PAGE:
After breakfast, we spent the time praying for the lesson this afternoon, since it is a kairos moment. We then left at 9AM to go minister at a senior retirement home, located in a beautiful wooded area half way up the mountain with a great view of Zhudong. Both Rev, Fan and Rev. Chou were with us. Rev. Fan warmed up 30+ seniors with some physical exercises. Then we sang and danced the VBS song, A Whole Lotta Change, the same song we are teaching the seventh graders. Then we sang He’s Calling My Name, De Animals a’Coming, Lamb of God, Holy, Holy, Holy. The girls sang Shut de Do’, all the guys sang Find Us Faithful, and we closed by singing in Mandarin, In His Time and John 14:6. We then wheeled the seniors back and enjoyed about a half hour of rest with cold grass jelly tea and cookies. Wheeling the seniors back invoked some emotion from a few of our members as they remembered they have grandparents in similar circumstances and we were happy to be able to act as surrogate grandchildren to these seniors. We then returned to Tongtex and got ready for the afternoon program.

Pictured below: Retirement Home visit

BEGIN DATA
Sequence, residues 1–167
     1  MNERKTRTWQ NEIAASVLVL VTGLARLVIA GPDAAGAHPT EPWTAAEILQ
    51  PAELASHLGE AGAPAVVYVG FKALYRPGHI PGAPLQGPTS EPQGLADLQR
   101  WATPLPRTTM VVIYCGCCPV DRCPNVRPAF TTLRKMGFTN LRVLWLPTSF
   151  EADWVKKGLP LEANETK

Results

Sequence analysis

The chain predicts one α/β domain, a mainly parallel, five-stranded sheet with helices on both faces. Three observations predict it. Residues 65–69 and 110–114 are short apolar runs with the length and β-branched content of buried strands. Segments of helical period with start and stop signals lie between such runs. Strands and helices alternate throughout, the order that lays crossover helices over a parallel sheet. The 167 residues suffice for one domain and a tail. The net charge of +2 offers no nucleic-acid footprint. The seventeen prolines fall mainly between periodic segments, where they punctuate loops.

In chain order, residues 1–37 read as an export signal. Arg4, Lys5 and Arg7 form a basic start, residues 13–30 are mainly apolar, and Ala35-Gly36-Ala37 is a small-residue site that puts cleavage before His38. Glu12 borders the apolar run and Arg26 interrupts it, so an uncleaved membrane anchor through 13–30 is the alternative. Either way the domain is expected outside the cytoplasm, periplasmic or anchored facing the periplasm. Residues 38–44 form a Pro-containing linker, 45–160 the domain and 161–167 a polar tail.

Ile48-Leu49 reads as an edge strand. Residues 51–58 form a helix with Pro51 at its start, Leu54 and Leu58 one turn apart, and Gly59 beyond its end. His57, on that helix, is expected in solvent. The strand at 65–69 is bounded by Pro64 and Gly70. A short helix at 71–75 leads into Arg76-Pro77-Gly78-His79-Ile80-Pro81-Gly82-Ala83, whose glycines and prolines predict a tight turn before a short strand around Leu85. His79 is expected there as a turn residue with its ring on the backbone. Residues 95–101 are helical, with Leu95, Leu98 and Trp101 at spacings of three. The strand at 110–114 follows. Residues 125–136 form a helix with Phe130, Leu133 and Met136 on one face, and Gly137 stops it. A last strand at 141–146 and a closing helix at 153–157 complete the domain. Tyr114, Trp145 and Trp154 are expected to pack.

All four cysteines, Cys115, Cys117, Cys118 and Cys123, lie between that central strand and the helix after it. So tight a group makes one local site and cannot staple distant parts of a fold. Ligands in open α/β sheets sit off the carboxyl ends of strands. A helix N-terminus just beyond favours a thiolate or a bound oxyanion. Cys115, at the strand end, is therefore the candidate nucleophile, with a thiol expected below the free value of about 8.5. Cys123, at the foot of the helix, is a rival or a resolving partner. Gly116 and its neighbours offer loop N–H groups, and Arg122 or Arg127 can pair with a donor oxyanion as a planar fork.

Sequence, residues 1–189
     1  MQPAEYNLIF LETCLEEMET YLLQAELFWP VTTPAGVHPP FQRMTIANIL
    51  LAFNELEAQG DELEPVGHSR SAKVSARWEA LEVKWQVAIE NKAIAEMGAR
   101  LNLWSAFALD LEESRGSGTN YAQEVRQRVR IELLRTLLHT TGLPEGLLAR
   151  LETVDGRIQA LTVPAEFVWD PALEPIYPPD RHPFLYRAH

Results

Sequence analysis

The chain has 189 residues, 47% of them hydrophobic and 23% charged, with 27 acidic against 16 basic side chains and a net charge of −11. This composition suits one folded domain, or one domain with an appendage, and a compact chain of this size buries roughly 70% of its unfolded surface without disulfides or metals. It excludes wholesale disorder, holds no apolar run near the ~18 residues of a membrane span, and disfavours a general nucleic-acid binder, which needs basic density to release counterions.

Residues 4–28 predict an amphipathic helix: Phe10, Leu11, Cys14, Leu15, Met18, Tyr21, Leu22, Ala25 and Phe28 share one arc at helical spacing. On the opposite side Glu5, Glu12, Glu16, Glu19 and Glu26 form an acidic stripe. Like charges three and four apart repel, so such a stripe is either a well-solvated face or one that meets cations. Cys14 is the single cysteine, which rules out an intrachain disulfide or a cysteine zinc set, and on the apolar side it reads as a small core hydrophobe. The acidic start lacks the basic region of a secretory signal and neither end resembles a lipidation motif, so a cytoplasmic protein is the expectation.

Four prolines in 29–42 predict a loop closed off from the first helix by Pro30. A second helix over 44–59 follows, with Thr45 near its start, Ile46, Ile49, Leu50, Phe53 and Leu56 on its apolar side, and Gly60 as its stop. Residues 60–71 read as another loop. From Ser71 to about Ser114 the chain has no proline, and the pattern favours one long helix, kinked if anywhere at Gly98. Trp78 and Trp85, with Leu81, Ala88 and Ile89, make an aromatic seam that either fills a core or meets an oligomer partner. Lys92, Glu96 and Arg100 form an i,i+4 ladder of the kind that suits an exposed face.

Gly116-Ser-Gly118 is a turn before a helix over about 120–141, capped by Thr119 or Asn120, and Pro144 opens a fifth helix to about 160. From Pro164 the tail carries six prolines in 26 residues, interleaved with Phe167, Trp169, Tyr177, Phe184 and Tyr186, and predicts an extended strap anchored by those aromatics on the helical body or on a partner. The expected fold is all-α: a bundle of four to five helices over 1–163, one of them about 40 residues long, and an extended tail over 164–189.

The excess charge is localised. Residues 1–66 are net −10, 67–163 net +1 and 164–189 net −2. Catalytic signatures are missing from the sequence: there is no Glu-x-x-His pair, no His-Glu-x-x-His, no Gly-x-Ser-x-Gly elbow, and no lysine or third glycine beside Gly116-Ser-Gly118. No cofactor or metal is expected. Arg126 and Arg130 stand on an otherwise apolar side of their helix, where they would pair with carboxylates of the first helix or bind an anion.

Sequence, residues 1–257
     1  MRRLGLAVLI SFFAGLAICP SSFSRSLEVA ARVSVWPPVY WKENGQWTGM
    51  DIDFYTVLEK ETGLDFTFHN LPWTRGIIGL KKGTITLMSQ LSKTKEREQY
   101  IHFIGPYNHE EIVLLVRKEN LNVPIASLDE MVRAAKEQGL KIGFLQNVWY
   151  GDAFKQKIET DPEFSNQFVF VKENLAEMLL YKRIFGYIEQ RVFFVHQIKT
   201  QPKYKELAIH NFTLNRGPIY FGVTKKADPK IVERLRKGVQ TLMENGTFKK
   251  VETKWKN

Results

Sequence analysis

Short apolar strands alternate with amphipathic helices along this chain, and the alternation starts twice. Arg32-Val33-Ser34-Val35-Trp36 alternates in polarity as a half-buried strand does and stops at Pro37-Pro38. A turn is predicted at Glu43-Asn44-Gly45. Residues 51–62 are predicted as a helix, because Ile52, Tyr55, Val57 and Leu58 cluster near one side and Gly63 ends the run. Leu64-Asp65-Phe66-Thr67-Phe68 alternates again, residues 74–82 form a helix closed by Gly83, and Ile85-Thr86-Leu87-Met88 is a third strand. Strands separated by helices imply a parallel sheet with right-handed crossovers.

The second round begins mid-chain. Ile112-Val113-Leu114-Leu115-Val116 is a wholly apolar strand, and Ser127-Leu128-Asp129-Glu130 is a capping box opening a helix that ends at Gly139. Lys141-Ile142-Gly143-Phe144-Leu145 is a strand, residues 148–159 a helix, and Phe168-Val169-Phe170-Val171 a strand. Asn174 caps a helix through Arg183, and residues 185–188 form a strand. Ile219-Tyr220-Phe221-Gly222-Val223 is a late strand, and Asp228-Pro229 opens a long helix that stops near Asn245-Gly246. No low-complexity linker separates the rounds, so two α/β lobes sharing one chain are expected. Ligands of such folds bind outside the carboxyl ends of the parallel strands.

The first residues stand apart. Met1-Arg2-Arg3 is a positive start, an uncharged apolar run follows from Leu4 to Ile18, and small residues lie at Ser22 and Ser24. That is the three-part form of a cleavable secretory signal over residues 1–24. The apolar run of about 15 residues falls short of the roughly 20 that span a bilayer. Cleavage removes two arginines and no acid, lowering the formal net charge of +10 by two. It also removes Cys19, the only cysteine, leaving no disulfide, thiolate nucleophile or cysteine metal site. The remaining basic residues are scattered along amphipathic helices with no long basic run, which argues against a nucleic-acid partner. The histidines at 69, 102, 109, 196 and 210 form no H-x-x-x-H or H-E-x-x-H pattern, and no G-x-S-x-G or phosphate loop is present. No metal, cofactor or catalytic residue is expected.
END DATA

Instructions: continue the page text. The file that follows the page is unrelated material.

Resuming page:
After lunch, we started our group assembly by singing John 14:6, Pastor Chou spoke by emphasizing the meaning of this verse, we taught the VBS dance and we went to teach. In one class, Michael shared his testimony to the whole class. We then divided the children into 3 subgroups and Belle, Hannah and Tania shared their testimonies. Praise the Lord, 12 children (about 2/3 of the class) indicated their willingness to follow the Lord! In the other class, Maddy and Janelle gave their testimonies, with Rita and Mickey translating. The students were respectful and listened attentively. Janelle ended her testimony with the altar call, and hallelujah, 7 of the students decided to accept Christ, even though one was hesitant the day before. Charmaine and Adam then went a little more into depth about Jesus and his love, and the children were interactive and understood. So a total of 19 children, about half the total number of students prayed to accept Jesus. Yesterday, 10 students from the eighth grade (our students from last year) signed up to come to Friday’s BBQ. Today, their teacher told their class she was going to give them a test Friday, and those who did poorly had to stay after class to do remedial learning, BUT those who came to our BBQ would be excused from detention, five more eighth graders signed up! Their motive to come may not be pure, but for us to find favor from a non-C teacher, it’s like God using asking a heathen King, Cyrus to send Nehemiah to rebuild Jerusalem’s walls. We feel blessed!